Hello, My Name Is Doris

Initially this was described to me as “Sally Field’s comeback” which, frankly, I hadn’t noticed she was gone. She was in that awful Spider-man reboot, and before that…I dunno…Soapdish? This movie was also described by a clever Laemmle employe as Gidget Gets Her Groove Back which is perhaps funnier than it is true.

The story is that Doris, a 60-something year-old woman, has recently lost her mother, whom she has taken care of her entire adult life—to the exclusion of having a life of her own. She has a crush on new co-worker, the 30-something Max Greenfield (They Came Together, “The New Girl”), and begins to stalk him in a manner that would be much less charming, presumably, if the sexes were reversed.

Not at all.
It’s not quite “Harold and Maude”.

Of course, Ms. Field has been on the other side of this sort of May-December romance, in Murphy’s Romance—though she was nearly 40 and James Garner only in his late 50s—and it was played entirely differently, as you can imagine.

Of course, except for a brief Oscar-winning stint with the unions, Sally has made her career on being sort of harmlessly cute, and it’s still a pretty winning act. And the basic gag (outside of the romance) is that Doris finds success when she spreads her wings, because in a world populated by hipsters, kitschy Long Island values and attitudes are considered sort of outré and transgressive.

In fact, the movie played with this rather expertly, and director Michael Showalter along with co-writer Laura Terruso (who herself directed a short called “Doris and the Intern” a few years ago) keep the proceedings sensitive and light. I might have enjoyed it more if they’d completely cut loose and had Doris get so caught up in the hipster world that she forgets her crush, but they kept it pretty real.

This plays out in Doris' head.
Not that there aren’t a FEW flights of fancy.

There’s a hoarding subplot: Doris’s mother was a hoarder, and Doris seems to have inherited that, much to the dismay of her brother (the great Stephen Root) and sister-in-law (“Reno 911” veteran Wendi McLendon-Covey), and this is handled in as Hollywood a fashion as you can imagine. (For example, Doris has tons of crap all over her place, but no vermin. Real hoarders have vermin. But I can’t imagine that plays well with the intended audience.)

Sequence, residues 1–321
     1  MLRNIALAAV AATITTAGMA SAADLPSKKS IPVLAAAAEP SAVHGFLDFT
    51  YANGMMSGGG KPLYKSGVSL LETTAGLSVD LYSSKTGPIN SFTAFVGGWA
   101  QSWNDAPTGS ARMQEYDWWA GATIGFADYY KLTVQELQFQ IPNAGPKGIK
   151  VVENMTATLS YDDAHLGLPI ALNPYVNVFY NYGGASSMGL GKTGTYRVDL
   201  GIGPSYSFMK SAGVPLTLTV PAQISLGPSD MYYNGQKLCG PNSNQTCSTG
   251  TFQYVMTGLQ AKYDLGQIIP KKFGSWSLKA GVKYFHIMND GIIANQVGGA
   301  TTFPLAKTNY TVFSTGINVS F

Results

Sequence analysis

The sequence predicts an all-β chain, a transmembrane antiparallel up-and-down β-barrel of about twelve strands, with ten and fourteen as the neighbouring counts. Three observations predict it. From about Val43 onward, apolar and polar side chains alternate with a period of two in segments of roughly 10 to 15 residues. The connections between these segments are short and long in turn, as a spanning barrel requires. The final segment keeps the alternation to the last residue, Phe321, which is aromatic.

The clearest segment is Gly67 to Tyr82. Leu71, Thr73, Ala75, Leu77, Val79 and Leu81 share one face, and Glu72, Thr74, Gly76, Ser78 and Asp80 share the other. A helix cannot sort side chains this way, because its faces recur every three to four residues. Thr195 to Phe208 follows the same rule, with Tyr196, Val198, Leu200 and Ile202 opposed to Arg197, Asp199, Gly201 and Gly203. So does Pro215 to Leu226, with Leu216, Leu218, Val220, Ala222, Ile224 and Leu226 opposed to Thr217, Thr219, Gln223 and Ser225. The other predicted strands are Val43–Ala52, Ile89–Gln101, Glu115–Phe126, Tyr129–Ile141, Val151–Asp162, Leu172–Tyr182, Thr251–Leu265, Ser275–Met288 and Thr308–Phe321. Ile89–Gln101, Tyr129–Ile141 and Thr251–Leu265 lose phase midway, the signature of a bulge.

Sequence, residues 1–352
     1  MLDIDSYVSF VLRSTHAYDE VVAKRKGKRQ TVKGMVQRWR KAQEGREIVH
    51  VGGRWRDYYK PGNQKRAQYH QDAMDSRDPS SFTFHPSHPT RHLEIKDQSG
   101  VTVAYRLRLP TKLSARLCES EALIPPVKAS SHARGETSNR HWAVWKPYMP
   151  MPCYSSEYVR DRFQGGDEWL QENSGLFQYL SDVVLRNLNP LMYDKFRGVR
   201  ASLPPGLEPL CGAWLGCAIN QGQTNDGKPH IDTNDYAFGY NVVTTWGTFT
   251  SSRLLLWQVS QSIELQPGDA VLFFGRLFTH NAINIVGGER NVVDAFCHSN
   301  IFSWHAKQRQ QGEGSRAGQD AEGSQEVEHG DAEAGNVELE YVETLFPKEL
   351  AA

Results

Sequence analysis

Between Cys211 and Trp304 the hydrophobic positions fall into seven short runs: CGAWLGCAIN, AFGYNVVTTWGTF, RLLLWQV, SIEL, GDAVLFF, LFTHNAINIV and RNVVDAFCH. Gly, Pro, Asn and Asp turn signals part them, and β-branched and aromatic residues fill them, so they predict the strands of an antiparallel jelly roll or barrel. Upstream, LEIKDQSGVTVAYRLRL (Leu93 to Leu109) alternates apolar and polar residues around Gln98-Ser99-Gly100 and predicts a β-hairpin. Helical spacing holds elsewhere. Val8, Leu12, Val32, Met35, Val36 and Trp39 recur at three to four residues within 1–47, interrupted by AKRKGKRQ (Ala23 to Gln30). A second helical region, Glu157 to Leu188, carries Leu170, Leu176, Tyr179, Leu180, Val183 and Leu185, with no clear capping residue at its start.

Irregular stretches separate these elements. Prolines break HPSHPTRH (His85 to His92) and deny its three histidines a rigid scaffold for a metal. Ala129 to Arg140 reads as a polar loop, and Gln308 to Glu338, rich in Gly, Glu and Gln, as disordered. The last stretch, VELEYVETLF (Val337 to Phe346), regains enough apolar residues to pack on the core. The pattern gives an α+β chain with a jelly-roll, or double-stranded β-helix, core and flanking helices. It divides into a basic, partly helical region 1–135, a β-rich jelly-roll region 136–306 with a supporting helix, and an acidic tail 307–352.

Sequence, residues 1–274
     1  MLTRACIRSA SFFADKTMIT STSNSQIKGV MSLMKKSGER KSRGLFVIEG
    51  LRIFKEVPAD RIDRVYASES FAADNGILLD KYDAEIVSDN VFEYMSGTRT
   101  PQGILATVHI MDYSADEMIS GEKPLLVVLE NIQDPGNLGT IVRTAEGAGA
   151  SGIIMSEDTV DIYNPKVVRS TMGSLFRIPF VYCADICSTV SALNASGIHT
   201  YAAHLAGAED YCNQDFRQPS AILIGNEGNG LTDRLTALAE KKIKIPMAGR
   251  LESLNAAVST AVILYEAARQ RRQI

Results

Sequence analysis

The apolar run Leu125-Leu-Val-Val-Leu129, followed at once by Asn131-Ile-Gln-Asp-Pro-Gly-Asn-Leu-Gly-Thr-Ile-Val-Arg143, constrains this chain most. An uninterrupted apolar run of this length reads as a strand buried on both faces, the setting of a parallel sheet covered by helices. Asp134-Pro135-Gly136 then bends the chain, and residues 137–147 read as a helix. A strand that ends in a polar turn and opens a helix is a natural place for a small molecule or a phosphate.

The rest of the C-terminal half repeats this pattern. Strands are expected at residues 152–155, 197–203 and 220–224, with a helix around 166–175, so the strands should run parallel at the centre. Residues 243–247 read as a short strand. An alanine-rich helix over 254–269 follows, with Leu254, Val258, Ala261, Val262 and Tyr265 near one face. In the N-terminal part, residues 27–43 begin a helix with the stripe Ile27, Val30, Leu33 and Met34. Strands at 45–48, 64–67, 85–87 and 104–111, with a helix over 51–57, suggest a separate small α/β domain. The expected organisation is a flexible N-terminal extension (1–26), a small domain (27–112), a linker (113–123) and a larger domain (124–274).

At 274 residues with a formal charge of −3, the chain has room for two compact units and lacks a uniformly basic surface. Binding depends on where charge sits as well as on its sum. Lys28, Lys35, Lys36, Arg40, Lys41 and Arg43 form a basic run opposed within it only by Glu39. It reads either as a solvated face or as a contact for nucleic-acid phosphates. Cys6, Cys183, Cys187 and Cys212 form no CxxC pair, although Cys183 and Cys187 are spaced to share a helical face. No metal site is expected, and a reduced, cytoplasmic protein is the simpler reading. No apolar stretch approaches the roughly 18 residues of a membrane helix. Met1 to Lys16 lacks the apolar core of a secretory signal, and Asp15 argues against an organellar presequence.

There’s a ton of fun-poking at the hipster crowd, which is always great. I think my favorite moment was when Doris’ rival-for-young-dude’s-affections, Brooklyn (Beth Behrs, “2 Broke Girls”), invites her to her “Rooftop LGBT Knitting Circle.” She says, “I’m not a lesbian. But I feel like I can just be Brooklyn.” To which Doris replies, “Oh, honey, I feel the same way at Staples.”

Heh.

You've probably never heard of them.
Hipsters: Comedy’s greatest natural resource.

It all comes to a head when Doris abandons Tyne Daly and Caroline Aaron on Thanksgiving to be with her would-be beau.

But this isn’t a high-wire act; it’s just a cute story competently performed, and it’s fine for that, even if you’re not in the intended demographic. Lotta TV people in it, so if you’re into TV, you might see a lot of people you recognize. Speaking of comebacks, two small parts in the movie are played by Natasha Lyonne (Slums of Beverly HillsAmerican Pie) and Peter Gallagher (The IdolmakerSummer Lovers). I mean, I guess they get work and all that, but I haven’t seen them in ages, it seems like.

Bonus points to character actor Don Stark as the guy who gets the horrified look for trying to hit on a woman only 8 years older than he.

They're only a few months apart.
There have been times I would’ve sworn Tyne Daly was much older than Field.

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